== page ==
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Shout Science: Comic Storybook App for iPad - Archived

Shout Science: Comic Storybook App for iPad - Archived

Shout Science is a fantastic free comic storybook app, available for the iPad, which tells the story of scientific discoveries that most students probably take for granted. The three stories are narrative biographies of famous discoveries during the Scientific Revolution in Europe; Anton Van Leeuwenhoek’s discovery of microorganisms, Maria Sibylla Merian’s study of insects and the life cycle of the butterfly, and James Hutton’s geological Theory of the Earth.

Geared for ages 7-11, Shout Science opens with a European map on the left and a scientific historical timeline on the right, offering two ways to access the three stories contained within. Students are likely to love the graphics and interactive features of this app. The design is sophisticated and the color palate aesthetically pleasing, making it a perfect hybrid of children’s book and comic book. Throughout the three stories, the app features interactive elements, including sound effects and animated elements, that students can choose to engage with or not. The story requires scrolling, so students will be kinesthetically engaged the whole time, likely to encourage intellectual engagement as well.

The app does not contain a read-over audio track throughout (though some of the more difficult terms and phrases do have voiceover sound bytes to assist students), so using this app involves some fairly substantial reading comprehension practice. The graphics and animations help with that comprehension, and students will also develop their vocabulary as they go. Though they’re reading about scientific development, history, and vocabulary, they’re doing so in a way that is both engaging and interesting.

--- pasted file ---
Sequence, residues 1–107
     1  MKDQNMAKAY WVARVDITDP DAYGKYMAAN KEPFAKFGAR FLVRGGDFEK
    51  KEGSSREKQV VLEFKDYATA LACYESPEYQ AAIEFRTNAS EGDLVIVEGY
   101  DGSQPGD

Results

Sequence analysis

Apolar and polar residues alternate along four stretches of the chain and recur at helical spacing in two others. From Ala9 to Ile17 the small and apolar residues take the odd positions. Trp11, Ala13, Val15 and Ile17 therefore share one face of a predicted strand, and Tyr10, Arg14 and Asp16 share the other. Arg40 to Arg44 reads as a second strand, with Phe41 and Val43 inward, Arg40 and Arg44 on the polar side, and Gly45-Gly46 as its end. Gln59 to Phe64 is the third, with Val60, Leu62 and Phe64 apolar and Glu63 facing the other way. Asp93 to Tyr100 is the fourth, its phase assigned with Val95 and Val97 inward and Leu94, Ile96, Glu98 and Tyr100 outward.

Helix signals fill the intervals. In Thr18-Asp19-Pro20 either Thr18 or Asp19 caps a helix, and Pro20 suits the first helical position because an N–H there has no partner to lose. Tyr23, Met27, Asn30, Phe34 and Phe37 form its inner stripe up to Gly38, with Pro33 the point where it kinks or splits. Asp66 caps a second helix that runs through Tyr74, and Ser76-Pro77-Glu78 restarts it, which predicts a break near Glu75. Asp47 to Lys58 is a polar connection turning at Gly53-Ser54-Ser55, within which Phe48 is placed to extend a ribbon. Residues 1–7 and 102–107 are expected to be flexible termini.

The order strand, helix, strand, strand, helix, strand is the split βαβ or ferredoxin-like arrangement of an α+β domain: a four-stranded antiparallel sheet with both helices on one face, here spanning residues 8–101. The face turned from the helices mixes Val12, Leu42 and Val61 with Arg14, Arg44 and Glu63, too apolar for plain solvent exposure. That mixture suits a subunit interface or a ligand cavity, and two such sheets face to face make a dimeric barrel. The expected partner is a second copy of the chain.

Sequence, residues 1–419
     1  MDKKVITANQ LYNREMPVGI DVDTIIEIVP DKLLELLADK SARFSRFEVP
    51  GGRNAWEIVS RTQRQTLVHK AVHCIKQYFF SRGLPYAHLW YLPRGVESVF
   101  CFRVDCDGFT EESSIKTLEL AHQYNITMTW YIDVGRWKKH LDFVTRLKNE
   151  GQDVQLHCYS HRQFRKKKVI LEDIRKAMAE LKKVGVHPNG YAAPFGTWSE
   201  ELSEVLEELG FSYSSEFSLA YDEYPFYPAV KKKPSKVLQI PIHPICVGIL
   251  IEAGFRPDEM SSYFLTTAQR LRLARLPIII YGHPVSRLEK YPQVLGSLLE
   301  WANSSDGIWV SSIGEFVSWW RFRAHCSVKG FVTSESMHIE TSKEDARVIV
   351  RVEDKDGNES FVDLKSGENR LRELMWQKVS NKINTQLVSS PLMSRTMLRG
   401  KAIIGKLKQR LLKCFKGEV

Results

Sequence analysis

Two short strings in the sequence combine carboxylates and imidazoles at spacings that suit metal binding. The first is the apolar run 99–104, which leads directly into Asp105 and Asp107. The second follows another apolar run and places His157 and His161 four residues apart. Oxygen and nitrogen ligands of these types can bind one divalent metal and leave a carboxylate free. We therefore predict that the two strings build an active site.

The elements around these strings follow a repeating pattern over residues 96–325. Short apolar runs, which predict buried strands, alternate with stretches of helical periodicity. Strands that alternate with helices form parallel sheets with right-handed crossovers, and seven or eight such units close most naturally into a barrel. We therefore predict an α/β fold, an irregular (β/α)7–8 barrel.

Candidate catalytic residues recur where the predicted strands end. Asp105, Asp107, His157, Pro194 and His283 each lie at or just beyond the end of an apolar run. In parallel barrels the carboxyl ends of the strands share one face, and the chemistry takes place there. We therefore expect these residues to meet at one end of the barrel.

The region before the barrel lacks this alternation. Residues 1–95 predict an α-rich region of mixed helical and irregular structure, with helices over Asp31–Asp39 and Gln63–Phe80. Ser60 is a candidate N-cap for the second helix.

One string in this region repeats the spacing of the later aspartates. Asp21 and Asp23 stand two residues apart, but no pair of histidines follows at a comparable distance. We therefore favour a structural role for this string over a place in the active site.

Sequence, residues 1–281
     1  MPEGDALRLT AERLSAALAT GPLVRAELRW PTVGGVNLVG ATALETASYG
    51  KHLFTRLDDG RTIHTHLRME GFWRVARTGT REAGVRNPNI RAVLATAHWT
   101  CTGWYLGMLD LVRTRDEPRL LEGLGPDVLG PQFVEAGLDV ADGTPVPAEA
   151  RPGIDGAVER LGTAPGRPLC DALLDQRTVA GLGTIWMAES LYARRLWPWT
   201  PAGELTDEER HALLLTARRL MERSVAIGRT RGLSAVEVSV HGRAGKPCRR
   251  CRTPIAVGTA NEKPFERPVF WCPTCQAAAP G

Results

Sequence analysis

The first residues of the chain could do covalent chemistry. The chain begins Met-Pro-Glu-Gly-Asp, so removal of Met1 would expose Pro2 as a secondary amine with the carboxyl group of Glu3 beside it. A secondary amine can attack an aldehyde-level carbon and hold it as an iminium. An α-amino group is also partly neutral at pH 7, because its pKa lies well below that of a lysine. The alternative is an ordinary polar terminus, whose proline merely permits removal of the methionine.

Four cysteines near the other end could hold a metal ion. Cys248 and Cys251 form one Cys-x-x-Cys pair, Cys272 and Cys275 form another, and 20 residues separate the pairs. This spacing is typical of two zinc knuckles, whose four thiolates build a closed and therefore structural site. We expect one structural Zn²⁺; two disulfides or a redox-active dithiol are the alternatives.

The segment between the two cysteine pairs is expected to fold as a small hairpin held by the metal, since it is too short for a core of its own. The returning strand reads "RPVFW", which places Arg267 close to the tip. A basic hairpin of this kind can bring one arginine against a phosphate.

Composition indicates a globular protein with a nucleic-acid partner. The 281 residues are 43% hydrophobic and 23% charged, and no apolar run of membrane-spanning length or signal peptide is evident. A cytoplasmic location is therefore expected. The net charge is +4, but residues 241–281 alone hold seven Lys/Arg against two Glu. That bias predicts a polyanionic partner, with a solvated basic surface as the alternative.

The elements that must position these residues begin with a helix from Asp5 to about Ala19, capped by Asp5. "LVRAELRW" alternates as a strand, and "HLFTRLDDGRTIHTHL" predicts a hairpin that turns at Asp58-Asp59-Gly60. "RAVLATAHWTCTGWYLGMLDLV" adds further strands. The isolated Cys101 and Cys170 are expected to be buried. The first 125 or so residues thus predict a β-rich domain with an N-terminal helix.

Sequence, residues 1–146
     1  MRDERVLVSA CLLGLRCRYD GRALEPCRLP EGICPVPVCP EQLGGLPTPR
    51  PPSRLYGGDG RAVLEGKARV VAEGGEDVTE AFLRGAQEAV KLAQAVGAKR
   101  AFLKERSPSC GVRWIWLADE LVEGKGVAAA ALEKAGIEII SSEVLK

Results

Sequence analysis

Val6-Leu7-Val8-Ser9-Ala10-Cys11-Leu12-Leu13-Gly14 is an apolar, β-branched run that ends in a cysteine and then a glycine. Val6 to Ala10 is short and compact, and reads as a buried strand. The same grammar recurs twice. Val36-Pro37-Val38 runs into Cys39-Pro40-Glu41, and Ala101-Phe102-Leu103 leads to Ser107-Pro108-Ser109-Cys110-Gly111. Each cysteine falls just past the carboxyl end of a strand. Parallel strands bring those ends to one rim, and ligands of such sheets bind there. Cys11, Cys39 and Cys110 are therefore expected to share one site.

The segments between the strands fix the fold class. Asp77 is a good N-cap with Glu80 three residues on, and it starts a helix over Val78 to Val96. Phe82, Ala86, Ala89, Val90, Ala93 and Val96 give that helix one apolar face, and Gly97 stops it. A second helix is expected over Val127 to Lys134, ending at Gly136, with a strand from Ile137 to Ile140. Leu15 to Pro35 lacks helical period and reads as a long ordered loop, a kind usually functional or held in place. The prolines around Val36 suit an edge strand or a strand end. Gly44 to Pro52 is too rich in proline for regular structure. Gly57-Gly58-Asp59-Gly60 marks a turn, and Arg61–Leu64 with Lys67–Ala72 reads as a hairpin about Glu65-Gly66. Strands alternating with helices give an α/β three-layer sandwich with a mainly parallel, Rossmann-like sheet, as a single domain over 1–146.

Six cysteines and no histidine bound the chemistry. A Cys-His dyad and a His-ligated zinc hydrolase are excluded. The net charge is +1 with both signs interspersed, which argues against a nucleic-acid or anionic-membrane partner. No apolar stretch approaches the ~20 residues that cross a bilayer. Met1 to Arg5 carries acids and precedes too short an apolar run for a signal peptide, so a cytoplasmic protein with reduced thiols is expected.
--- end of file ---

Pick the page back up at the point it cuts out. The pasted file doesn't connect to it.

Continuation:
shout science

In addition to the comic/story book portion, each story is accompanied by a more “academic” section that will likely appeal to older students. This section offers a more specific timeline for the historical figures featured in the stories, a scientific glossary, and a bibliography of sources to consult if they want to learn more. These sections elevate the app to a research resource, allowing teachers to use it strategically to address both science content knowledge and developing research skills.

The main problem with this app is that it only has three stories—we just want more! So many more scientific discoveries and interesting figures could be added to the app, and we sincerely hope that the developer will continue to expand and update the app.

In the meantime, the lack of additional stories could work in an instructor’s favor. For older grades, the three existing stories create wonderful models that could be the jumping off point for a fantastic interdisciplinary project asking students to create their own comic book about a scientific discovery.

Encouraging research, reading comprehension, writing, and presentation skills, the project may just inspire future scientists, writers, or comic book geniuses—all as a result of Shout Science! Shout Science is available for free on iTunes.